Palestinian convicted of manslaughter, not murder, in 2016 crossfire death

Defense Minister Avigdor Liberman responded to the decision, saying that he agreed with the dissenting judge and that Amaro must be convicted of murder.

 The scene of the fatal stabbing attack at the Gush Etzion Junction on September 16, 2018. (photo credit: AMICHAI GABBAI/TPS)
The scene of the fatal stabbing attack at the Gush Etzion Junction on September 16, 2018.
(photo credit: AMICHAI GABBAI/TPS)
The Judea Military Court on Wednesday acquitted a Palestinian terrorist of the murder of an IDF soldier, while convicting him of manslaughter.

Defense Minister Avigdor Liberman responded to the decision, saying that he agreed with the dissenting judge and that the terrorist, Mamdoach Yufsef Muhammad Amaro, must be convicted of murder.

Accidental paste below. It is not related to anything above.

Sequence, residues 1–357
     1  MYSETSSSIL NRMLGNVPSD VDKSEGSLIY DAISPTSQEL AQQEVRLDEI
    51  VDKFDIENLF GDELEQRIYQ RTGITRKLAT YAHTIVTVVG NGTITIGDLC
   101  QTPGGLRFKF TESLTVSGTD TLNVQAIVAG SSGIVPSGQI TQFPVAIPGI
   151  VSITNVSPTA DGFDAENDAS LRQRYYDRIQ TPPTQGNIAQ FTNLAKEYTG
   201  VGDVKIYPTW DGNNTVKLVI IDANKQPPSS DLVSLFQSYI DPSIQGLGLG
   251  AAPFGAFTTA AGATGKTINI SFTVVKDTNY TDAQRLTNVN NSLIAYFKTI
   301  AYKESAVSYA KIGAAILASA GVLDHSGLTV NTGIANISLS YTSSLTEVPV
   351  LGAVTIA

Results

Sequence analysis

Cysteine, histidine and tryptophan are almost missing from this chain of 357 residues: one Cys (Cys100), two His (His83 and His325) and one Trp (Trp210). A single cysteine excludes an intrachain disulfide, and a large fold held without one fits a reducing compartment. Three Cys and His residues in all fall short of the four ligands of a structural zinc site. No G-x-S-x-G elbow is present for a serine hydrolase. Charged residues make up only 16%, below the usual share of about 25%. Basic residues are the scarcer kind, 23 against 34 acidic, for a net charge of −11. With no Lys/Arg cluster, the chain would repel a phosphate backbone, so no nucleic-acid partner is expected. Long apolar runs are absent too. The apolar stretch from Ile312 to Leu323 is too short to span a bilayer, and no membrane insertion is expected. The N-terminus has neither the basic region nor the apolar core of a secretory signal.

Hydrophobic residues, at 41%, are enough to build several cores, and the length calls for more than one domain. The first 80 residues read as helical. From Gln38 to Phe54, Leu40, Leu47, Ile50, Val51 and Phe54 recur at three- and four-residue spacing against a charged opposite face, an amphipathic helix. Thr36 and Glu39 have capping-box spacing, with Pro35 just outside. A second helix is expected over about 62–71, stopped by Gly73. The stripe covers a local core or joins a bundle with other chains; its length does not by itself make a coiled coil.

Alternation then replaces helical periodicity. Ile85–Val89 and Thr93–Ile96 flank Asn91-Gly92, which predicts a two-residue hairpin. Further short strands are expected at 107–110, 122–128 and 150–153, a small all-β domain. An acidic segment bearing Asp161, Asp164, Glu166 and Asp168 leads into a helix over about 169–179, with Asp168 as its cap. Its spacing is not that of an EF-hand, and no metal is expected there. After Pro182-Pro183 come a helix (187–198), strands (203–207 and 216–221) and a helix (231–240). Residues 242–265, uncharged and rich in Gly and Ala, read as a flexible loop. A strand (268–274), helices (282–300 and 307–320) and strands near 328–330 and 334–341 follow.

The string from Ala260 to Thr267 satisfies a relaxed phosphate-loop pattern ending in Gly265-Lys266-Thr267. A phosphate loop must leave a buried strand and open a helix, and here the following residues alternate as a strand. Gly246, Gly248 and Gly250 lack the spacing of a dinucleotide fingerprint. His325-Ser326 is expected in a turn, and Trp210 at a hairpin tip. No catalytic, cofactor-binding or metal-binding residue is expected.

According to the decision, Amaro was warned by Maj. Eliav Gelman and other IDF troops to halt, but continued to approach. 
Gelman and the other troops fired on Amaro, wounding him and preventing him from stabbing anyone.
However, soldiers firing on Amaro were standing opposite Gelman, and shot Gelman by accident in the crossfire.
In light of the complex circumstances — that Amaro did not kill Gelman and did did not have the opportunity to make clear if his intention was to wound or actually kill — the court split 2-1 in acquitting him of murder. 
The dissenting judge voted to convict him of murder in light of his actions leading to the death of Gelman, and the likelihood that he would have committed murder had he himself not been shot.
There is also a "felony-murder rule" in many legal systems, stating that if a person commits a felony and someone dies in the process of that felony, they can be convicted of murder even if they did not intend to murder.
The IDF Prosecution is considering an appeal.